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Durham University

School of Education

Research Projects

Publication details

Moskal, M. (2020). Gendered differences in international graduates’ mobility, identity and career development. Social & Cultural Geography 21(3): 421-440.

Author(s) from Durham


Although there is an abundance of research on international students’ experiences of adapting to a new learning and living environment in their receiving countries and at universities abroad, their post-study transitions have rarely been studied. This paper reports primary research on Asian international postgraduate students, following their graduation and return home and their considerations of how their study experience and feelings on return relate to their imagined future plans. In theoretical considerations of the role of the students’ mobility and their identity capital in the broader process of becoming and personal development, Côté’s identity capital model helps identify notable resource differences among international postgraduates. The analyses focus on how the postgraduates perceived the role of their educational mobility, what their experiences meant to them as well as their range of passive and active approaches to personal growth and life projects. The gender perspective seems to be particularly important in relation to post-study transitions, career development and trajectories. The discourse of return is related to becoming an adult, but this process is different for females and males. Male postgraduates seem to enjoy greater freedom in developing professional careers, whereas females more often face greater challenges to career development, curtailed by family pressures and social conventions.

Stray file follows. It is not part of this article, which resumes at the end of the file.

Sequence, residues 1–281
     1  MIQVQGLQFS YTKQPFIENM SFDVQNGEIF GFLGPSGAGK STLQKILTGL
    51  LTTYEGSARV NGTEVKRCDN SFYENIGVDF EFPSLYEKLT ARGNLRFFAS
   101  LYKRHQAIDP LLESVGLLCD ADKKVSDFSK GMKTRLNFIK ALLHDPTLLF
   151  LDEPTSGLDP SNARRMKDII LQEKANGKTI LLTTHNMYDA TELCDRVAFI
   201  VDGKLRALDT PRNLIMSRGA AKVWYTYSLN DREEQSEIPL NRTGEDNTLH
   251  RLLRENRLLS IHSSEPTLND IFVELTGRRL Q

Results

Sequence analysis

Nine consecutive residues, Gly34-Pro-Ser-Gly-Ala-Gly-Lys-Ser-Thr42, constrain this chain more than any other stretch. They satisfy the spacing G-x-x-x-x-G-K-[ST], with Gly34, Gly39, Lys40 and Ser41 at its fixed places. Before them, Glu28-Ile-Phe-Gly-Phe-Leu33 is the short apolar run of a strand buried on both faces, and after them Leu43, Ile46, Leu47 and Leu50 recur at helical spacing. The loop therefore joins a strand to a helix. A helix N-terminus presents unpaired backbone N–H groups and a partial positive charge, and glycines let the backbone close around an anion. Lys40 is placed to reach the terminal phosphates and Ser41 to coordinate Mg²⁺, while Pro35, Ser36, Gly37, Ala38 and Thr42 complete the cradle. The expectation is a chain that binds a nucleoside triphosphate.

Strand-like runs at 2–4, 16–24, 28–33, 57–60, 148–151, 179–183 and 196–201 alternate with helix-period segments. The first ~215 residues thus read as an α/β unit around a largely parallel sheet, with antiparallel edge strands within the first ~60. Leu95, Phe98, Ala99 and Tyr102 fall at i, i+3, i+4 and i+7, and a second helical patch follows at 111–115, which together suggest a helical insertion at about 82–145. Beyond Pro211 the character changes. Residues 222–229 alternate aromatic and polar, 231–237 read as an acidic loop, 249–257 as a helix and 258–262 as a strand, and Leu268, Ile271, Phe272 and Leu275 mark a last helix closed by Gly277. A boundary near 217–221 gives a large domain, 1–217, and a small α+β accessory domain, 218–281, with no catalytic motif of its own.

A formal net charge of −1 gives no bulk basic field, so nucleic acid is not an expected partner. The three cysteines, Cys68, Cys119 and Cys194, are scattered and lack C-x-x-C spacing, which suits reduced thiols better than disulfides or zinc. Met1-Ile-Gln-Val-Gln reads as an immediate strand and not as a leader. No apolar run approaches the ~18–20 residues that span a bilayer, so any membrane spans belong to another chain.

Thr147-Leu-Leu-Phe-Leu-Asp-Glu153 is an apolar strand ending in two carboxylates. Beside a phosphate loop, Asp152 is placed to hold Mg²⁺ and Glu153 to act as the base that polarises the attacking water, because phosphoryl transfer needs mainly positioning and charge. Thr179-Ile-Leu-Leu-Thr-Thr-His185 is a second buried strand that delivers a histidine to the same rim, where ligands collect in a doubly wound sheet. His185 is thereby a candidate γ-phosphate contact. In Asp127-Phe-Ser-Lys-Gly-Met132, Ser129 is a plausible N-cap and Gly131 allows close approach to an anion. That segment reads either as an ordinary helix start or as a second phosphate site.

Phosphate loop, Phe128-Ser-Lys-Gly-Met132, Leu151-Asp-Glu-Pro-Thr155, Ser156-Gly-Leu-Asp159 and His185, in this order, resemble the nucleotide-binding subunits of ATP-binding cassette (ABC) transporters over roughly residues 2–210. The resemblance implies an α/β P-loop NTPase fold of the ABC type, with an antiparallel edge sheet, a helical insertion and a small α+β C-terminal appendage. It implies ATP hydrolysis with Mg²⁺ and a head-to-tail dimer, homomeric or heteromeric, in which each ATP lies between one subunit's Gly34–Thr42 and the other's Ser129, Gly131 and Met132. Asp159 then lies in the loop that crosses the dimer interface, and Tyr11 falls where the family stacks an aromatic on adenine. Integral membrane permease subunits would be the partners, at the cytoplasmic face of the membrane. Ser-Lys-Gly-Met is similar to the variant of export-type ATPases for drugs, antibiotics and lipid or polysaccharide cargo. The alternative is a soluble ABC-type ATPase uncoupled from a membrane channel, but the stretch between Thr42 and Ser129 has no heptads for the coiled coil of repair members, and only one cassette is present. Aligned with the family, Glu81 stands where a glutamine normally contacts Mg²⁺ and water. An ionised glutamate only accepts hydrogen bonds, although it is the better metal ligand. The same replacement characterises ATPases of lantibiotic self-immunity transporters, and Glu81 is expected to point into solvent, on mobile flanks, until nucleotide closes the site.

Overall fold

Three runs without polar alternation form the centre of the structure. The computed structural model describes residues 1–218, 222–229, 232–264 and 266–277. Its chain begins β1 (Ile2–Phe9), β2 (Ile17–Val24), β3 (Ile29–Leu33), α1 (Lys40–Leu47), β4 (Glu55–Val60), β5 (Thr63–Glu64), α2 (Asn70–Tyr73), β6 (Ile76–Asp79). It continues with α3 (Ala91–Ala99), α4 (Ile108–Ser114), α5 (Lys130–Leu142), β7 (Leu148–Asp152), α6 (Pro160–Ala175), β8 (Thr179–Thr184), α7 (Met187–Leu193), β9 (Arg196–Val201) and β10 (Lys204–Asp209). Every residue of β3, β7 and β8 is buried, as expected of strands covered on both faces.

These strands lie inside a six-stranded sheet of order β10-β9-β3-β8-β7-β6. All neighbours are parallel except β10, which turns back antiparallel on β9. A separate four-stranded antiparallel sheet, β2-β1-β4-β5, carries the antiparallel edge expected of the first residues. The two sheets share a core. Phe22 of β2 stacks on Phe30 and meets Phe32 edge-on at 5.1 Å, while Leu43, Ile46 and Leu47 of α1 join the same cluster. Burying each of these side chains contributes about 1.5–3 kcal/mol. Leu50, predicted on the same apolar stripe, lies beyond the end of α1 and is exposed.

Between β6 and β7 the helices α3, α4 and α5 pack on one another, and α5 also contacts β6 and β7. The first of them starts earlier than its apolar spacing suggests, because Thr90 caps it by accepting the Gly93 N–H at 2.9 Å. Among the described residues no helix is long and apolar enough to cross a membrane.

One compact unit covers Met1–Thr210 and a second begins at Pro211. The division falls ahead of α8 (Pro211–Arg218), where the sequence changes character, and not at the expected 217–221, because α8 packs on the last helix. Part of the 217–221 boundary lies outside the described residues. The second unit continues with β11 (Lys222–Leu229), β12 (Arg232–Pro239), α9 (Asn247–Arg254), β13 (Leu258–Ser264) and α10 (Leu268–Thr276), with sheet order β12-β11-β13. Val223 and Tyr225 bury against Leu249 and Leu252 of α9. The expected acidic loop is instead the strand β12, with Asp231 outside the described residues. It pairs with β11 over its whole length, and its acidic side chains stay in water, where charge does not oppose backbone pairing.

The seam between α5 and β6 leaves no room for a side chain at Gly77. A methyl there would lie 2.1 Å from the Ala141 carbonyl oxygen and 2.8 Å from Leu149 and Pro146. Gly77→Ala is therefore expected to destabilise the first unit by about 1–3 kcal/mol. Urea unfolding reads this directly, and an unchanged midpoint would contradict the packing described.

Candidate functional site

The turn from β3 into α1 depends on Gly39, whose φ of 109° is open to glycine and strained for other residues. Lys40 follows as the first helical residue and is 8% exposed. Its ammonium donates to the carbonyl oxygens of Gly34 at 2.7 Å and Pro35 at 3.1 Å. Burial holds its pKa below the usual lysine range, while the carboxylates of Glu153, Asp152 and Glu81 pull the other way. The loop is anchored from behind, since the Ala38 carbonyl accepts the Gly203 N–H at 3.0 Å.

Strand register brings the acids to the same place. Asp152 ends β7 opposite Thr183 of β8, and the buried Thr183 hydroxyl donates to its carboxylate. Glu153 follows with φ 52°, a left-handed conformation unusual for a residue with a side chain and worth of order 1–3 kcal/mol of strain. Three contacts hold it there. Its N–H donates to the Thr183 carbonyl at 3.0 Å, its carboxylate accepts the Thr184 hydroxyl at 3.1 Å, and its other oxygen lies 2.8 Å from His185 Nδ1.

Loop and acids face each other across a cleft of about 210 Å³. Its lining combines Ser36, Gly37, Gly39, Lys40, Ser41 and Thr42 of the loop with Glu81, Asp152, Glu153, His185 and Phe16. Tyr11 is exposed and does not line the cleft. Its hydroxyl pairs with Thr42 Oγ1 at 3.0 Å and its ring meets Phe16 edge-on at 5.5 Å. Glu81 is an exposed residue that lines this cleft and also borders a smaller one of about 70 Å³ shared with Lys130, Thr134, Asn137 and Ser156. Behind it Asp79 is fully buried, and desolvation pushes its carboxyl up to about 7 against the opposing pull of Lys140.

School of Education